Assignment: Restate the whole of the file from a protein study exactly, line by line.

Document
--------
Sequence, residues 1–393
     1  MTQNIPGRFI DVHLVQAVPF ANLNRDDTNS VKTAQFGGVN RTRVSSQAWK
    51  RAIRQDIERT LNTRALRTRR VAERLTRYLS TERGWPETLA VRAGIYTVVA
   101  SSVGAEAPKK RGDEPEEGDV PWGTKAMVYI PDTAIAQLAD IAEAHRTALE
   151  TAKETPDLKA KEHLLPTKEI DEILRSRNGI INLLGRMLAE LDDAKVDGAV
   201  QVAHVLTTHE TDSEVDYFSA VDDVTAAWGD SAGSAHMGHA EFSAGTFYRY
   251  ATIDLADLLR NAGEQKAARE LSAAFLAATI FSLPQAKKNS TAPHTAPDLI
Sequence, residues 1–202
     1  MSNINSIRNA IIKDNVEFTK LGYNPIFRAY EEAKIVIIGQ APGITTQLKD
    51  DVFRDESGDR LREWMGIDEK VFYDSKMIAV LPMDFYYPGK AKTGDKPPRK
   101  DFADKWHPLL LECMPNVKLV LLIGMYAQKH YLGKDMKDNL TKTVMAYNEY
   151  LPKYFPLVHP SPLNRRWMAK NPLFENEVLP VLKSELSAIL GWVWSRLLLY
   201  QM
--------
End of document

Sequence, residues 1–393
     1  MTQNIPGRFI DVHLVQAVPF ANLNRDDTNS VKTAQFGGVN RTRVSSQAWK
    51  RAIRQDIERT LNTRALRTRR VAERLTRYLS TERGWPETLA VRAGIYTVVA
   101  SSVGAEAPKK RGDEPEEGDV PWGTKAMVYI PDTAIAQLAD IAEAHRTALE
   151  TAKETPDLKA KEHLLPTKEI DEILRSRNGI INLLGRMLAE LDDAKVDGAV
   201  QVAHVLTTHE TDSEVDYFSA VDDVTAAWGD SAGSAHMGHA EFSAGTFYRY
   251  ATIDLADLLR NAGEQKAARE LSAAFLAATI FSLPQAKKNS TAPHTAPDLI
Sequence, residues 1–202
     1  MSNINSIRNA IIKDNVEFTK LGYNPIFRAY EEAKIVIIGQ APGITTQLKD
    51  DVFRDESGDR LREWMGIDEK VFYDSKMIAV LPMDFYYPGK AKTGDKPPRK
   101  DFADKWHPLL LECMPNVKLV LLIGMYAQKH YLGKDMKDNL TKTVMAYNEY
   151  LPKYFPLVHP SPLNRRWMAK NPLFENEVLP VLKSELSAIL GWVWSRLLLY
   201  QM